Rep. Price Argues Against The Public Option By Distorting Insurance Industry-Funded Study
On July 27, 2009, Rep. Tom Price (R-GA) wrote an op-ed in the Atlanta Journal-Constitution titled "'Public Option' leaves no hope of cure." In the column, Price repeatedly argued that a government-run option will put private insurers out of business. To support his claim, Price cited the insurance industry-funded Lewin Group's estimate that up to 119 million Americans could move from private coverage into the public option.
Rep. Price Cited "119 Million" Figure From Lewin Group Study
Make no mistake; any honest evaluation will conclude that a public option will result in millions of Americans losing the personal, private health care they currently enjoy.
In fact, it is estimated that a government-run plan would result in 119 million Americans being crowded out of their current personal plans and enrolled in a bureaucratic, government-run program. [Atlanta Journal-Constitution, 7/27/09]
As Media Matters Action Network has previously noted, Republicans arrived at their "119 million" number by misrepresenting a study by the insurance industry-funded Lewin Group.
The Lewin Group Is Owned By Health Insurance Giant UnitedHealth
The Lewin Group Is Owned By "One Of The Nation's Largest Insurers." The Washington Post reported that "the Lewin Group is wholly owned by UnitedHealth Group, one of the nation's largest insurers." [Washington Post, 7/22/09]
- Lewin Group Accused Of "Distributing Skewed Data." According to the Washington Post, "the Lewin Group is part of Ingenix, a UnitedHealth subsidiary that was accused by the New York attorney general and the American Medical Association, a physician's group, of helping insurers shift medical expenses to consumers by distributing skewed data. Ingenix supplied its parent company and other insurers with data that allegedly understated the 'usual and customary' doctor fees that insurers use to determine how much they will reimburse consumers for out-of-network care." [Washington Post, 7/22/09]
Lewin Group Studies Are Buried If Insurance Industry Clients Are Not Happy With Findings. According to the Washington Post, "not all of the firm's reports see the light of day. For example, a study for the Blue Cross Blue Shield Association was never released, Sheils said. 'Let's just say, sometimes studies come out that don't show exactly what the client wants to see. And in those instances, they have [the] option to bury the study -- to not release it, rather,' Sheils said. Asked to comment, Blue Cross Blue Shield Association spokesman Brett Lieberman said, 'We're still working with Lewin on a study, and, you know, we don't talk about our studies until they're done.'" [Washington Post, 7/22/09]
The GOP's Usage Of The Lewin Group's Study Has Been Soundly Debunked
NPR: Lewin Number Quoted "Hardly Represents The Entirety Of The Report." According to NPR, the 119 million figure "hardly represents the entirety of the report [Lewin Group Vice President John] Sheils and colleague Randy Haught put out in April. The point of the study was to show that the number of people who would eventually join a government-sponsored public insurance plan would vary - dramatically - depending on how that plan is designed." [NPR, All Things Considered, 6/10/09]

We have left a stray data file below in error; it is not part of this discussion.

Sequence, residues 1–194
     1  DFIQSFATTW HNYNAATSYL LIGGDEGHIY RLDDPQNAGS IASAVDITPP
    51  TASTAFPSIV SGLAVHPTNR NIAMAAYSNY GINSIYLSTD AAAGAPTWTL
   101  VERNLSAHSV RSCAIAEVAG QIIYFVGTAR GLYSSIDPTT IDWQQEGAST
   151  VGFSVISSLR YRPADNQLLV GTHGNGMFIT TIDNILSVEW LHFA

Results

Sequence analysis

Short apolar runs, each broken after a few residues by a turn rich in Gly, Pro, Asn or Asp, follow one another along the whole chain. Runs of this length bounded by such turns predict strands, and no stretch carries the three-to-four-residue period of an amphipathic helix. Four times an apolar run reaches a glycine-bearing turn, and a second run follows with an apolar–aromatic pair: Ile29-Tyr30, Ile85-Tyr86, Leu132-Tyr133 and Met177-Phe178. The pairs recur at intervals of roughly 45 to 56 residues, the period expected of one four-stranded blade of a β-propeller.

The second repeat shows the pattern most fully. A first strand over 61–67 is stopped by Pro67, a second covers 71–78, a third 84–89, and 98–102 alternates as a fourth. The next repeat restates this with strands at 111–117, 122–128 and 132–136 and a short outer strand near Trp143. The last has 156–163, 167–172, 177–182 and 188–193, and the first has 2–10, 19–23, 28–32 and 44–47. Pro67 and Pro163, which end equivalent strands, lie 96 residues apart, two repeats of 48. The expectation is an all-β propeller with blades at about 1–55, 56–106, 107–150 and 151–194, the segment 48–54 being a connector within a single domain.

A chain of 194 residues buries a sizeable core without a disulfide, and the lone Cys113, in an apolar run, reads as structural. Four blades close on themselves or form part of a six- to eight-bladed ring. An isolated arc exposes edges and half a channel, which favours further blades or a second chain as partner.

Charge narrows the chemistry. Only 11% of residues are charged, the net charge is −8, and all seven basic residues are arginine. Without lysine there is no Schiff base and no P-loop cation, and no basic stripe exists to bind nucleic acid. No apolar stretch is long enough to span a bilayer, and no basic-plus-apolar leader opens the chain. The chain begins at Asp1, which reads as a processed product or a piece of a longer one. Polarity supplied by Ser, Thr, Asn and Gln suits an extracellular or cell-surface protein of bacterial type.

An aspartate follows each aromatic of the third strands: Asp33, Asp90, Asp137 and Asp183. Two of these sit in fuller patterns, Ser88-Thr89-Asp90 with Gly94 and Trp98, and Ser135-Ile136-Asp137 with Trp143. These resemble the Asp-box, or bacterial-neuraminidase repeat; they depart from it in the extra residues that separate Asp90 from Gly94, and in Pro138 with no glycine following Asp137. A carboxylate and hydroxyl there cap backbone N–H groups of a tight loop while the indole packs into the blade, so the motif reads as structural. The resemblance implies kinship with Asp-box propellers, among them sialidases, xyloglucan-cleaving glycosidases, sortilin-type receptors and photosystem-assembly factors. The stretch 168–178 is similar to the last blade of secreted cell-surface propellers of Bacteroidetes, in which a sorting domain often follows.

Lewin Study Shows That If The Public Option Is Run Like Medicare, More Americans Will Opt Into It. According to NPR: "If the public plan is open to everyone and pays health care providers rates similar to those paid by the government-run Medicare program, which are lower than most private insurers pay, 'you'd have a lower premium level and thus [more] people go into it,' says [Lewin Vice President] Sheils." [NPR, All Things Considered, 6/10/09]
Lewin Study Shows That As Few As 10.4 Million People Could Move To The Public Plan. According to NPR, the Lewin Group's study shows that "if the public plan is limited to fewer people (perhaps only those in small businesses and individuals), or if the plan pays higher rates to doctors and hospitals, fewer people would join, both because fewer would be allowed and because the plan would be less financially attractive. According to the study, the number of people dropping private coverage could be as low as 10.4 million." [NPR, All Things Considered, 6/10/09]
Five Of The Six Options Lewin Studied "Are Less Aggressively" Priced And Would Cause Fewer Americans To Switch To The Public Plan. NPR reported: "The study looked at six options, says [Lewin Vice President] Sheils. 'And five of those options are less aggressively priced than the Medicare payment level option,' meaning they would attract fewer enrollees to switch from private insurance coverage. Sheils stops short of saying that opponents of a public plan were misusing his statistics, because while 'this is the extreme case, I don't think it has been stricken from everyone's agenda, as far as I can tell.'" [NPR, All Things Considered, 6/10/09]